unique characteristics of your efforts; the potential for your work to serve
as a model or demonstration project for other communities; or the vanguard
nature of your work.
An example is provided
by the early years of the women's movement in the United States, when a number
of progressive-minded national foundations made grants to local women's organizations
before their local foundation counterparts did. In these cases, national
foundations set an example for local foundations to follow. A similar scenario
took place in the mid-1980s regarding funding for disarmament projects, and
the 90's saw the same pattern for funding HIV/AIDS organizations.
Additionally, it would
not be unusual for a national foundation to fund a local organization perceived
by its local funding community as being too controversial owing to its area
of interest or its form of advocacy. For these reasons, some organizations
should engage in subject-related research as well as geographic-based research
into prospective funding sources.
Another method for gaining
information is networking, a concept that has fortunately gained popular
support. Networking is no more than cooperation among individuals and organizations
with similar needs (and goals) to aid each other. Each and every nonprofit
has counterpart organizations locally and around the country whose experiences
can save them valuable time so that they don't have to reinvent the wheel.
Those counterparts might work in a similar field, involve a similar constituency,
or operate in the same geographic locale.
The first step in networking
is to brainstorm a list of your most likely counterpart organizations. Think
in terms of issues, geography, and constituency. Find out what they have
learned from their own fundraising efforts. Other groups can share with you
valuable information that may not necessarily be printed in any materials,
such as: Which funders are the most likely to give pre-application meetings?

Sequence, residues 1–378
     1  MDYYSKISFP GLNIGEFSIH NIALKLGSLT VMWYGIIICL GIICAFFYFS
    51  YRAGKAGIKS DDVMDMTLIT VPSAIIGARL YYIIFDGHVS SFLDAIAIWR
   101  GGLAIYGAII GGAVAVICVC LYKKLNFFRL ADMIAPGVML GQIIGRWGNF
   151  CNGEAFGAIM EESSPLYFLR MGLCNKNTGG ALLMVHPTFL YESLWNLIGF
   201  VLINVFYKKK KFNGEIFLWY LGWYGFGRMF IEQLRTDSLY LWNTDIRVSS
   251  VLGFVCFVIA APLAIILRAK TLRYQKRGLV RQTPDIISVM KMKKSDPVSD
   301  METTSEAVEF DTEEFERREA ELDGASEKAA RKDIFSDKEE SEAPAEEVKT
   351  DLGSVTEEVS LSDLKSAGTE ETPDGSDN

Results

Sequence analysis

What is of most interest to staff in a funding proposal? How much work is
involved in making an appropriate application?
You can also network with
development (fundraising) professionals at nearby large nonprofit institutions,
such as hospitals, colleges and universities, museums, and the like to elicit
their suggestions. Finally, conferences, seminars, and meetings provide splendid
opportunities to network, not only with other nonprofits but with funders
as well. Network until you feel that you have a comprehensive understanding
of your prospects.
You would best spend your
time by making thorough approaches to a small number of select funders than
by trying to cover the entire waterfront. You will not be able to pursue
all the prospective sources of support that you have discovered with the
same degree of vigor. Reduce your list to a manageable number, and look for
reasons to eliminate prospects rather keep them. In other words, choose the
prospects that really are your best bets. You might aim for a final prospect
list of no more than ten institutional sources as candidates for support.
Estimate Your Proceeds
In the same way that you
projected total support from individuals, you should now make some conservative
estimates of how much you might raise by approaching your institutional prospects.
Conservative estimates are made on the basis of what you can assuredly expect
rather than what you hope to receive. If you have received support from institutions
in the past year, gauge which of them are really likely to renew their grants,
contracts, or contributions in the upcoming year, and project a realistic
financial estimate of their support.
Now turn to all your best
bets lists. Ascribe an average grant size to each of them. Garner this information
either through your research or your networking. Review the list: Are there
sources whose support you are confident of receiving? Who are they? What
level of support can you assuredly predict, if any? Where you are not confident
or are unsure, err on the conservative side; don't count any "questionables" in
your final projections. That way, you will be pleasantly surprised if you
exceed your goal rather than disappointed if you fall below.
Another approach is to
select the three prospects on your best bets list that most closely match
your specific programs and purposes. Use the average grant size they award
to organizations similar to your own as the basis for projecting your total
revenue from institutions. You will, of course, have to decide how many of
those prospects might award funding, if any. Again, it is better to err on